The house built by James Sullivan is a modest but handsome design of mixed construction. The first floor has exterior walls of concrete block made by Sullivan himself with a faux stone finish on the outside. The second floor is wood frame with composite shingles. It has a footprint 22 feet wide by 23 feet deep, with a 2x8 foot bay on the west side of the first floor. A concrete-block front porch 8 feet deep runs the full width of the house. A full width porch also crosses the rear of the house.
The house was built with a living room, dining room and kitchen on the first floor, and four bedrooms and a 3-fixture bathroom on the second. Interior walls were plaster and lath and all floors hardwood, with the kitchen covered by linoleum. There was also an attic for storage and apparently a unfinished basement.
An Unfortunate Start
James and Eleanor had little time in their new house, as it was quickly put on the auction block once they were adjudged bankrupt. The house was sold at auction on 9 August 1913 for $2,300 to Alan Hume, and there followed the usual wheeling-and-dealing of brokers and agents as each tried to make a little extra profit. Hume sold the property to CE Nicol on 18 October of the same year, who then turned around and sold it to John J (“JJ”) and Pearl Haley, who took it subject to Hume's mortgage of $2,000 and took out an additional mortgage for $750, indicating a probable total cost of about $3,000.
JJ and Pearl lived in the City of Alexandria, where he ran a women's ready-to-wear clothing and dry goods store, her helping out with sales. They rented the house out as a source of extra income. Unfortunately, JJ was diagnosed with advanced cancer of the larynx in 1926 and went to a sanitarium in Charlottesville for hospice care, where he passed away in September of that year. Having paid off their first mortgage they had taken out a second one for $2,500 in May 1923 and when the depression hit Pearl found herself unable to make the payments. They had had a reliable tenant in Lester and Mary Swann, he a clerk at Potomac Yard, during 1925 to 1931. But then they left and in 1932 the building sat vacant with mortgage payments still due.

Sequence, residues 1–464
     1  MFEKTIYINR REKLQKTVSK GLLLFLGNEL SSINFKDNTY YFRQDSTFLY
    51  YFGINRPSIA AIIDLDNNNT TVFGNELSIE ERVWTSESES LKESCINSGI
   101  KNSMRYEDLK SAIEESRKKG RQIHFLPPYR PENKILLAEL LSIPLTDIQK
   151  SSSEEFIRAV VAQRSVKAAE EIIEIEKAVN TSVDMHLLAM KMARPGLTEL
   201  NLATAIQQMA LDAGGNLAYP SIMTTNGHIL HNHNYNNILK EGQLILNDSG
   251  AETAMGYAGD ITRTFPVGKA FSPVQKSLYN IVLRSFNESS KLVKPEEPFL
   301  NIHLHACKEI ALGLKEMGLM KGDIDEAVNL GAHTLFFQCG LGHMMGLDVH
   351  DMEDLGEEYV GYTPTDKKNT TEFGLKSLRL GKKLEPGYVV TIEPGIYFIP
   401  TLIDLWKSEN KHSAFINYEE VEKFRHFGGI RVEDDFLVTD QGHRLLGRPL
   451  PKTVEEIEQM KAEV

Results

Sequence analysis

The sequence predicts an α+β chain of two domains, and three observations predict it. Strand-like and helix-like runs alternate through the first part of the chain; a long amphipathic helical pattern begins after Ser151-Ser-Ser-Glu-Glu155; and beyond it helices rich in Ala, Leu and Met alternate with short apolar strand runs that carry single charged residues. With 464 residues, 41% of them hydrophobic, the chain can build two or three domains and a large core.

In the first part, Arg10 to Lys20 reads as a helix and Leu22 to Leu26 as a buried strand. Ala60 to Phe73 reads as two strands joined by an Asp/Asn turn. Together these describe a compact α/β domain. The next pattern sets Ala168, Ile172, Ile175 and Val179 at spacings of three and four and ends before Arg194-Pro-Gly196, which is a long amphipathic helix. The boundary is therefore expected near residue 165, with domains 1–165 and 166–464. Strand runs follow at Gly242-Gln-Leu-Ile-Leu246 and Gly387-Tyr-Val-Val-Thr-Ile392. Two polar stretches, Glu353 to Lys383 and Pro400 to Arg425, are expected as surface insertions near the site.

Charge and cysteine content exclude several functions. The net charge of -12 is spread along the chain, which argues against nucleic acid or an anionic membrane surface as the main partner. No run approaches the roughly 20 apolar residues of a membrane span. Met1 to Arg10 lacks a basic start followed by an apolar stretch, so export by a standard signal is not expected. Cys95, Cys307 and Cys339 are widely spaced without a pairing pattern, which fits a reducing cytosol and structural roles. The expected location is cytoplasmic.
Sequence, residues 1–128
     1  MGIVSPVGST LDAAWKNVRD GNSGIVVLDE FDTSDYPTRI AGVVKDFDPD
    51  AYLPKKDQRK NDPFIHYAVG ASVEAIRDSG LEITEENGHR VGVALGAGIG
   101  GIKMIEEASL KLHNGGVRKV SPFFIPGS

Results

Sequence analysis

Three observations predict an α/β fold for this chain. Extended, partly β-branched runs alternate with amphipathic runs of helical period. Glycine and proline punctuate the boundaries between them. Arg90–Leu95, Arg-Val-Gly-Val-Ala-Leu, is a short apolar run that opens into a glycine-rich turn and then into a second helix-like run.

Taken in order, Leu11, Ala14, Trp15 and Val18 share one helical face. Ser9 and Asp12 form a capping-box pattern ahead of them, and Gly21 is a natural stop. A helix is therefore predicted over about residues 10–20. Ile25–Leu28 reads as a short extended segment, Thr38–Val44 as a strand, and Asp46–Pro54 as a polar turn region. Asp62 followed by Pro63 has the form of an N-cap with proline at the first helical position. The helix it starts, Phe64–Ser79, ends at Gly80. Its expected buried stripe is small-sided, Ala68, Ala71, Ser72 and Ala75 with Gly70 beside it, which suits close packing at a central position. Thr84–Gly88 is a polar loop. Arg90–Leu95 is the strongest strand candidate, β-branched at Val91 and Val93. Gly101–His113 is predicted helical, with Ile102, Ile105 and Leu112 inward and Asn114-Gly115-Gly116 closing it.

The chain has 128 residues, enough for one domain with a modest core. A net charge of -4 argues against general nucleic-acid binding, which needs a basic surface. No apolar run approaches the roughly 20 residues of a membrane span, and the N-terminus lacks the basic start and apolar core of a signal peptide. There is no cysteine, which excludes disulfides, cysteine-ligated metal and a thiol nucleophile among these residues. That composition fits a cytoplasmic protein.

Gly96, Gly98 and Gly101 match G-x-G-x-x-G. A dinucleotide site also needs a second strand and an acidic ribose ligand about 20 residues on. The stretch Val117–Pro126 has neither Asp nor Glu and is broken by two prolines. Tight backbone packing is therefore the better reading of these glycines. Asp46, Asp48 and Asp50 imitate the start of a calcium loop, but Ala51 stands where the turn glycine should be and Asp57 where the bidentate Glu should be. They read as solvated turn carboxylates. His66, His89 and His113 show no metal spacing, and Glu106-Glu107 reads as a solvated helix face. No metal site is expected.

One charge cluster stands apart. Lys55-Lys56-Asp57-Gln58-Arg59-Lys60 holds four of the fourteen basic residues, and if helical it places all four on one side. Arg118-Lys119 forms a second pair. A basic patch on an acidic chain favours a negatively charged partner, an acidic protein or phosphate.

Following default, the house was auctioned off in March 1932 to Dobie Ernest Webb for $3,300, who turned around and sold it six month later to Abraham and Anna Steele, who assumed Webb's $3,225 in mortgages, soon paid it off and took out another mortgage for $3,816. The depression hit them as well, as they found it difficult to keep renters, with Thomas Grasso, a barber, in the house in 1935 but it turned vacant again in 1936. The Steeles defaulted as well in July 1936. The property was bought at auction by the mortgage holder, the Home Owners Loan Co, for $3,000.
Initially the company had little better luck in the tough market, renting briefly to Samuel Shifflett, an arborist, in 1936, then seeing it vacant in 1937-39. Finally, the house's fortunes turned around.
The House Becomes a Home
After all that it turns out that the central figure in the story was a relative latecomer, James Boltwood. Born in London in 1897 he emigrated to the US in 1913, arriving at the port of Philadelphia. He joined the US Army in June 1916 and was assigned to the 333rd Truck Company of the Quartermaster Corps at Ft McClellan, Alabama. While there he filed his petition for naturalization in September 1917 and it was accepted in May 1918, at which time he took some leave, traveled to Charlottesville and married local girl Mamie Lang.
In 1920 James and Mamie moved to Alexandria where he took a job as a welder. In 1940 James, then a guard for the federal GSA, began renting the house. The family had expanded greatly and by that time they had daughters Dorothy (born 1920), Frances (1924), Mamie (1928) and Margaret (1933) and sons Walter (1922) and Harvey (1931). All were still there when the family moved into the new house, and of the children only Dorothy was working, as a telephone operator. The bedrooms were not large and the girls' room must have been very crowded.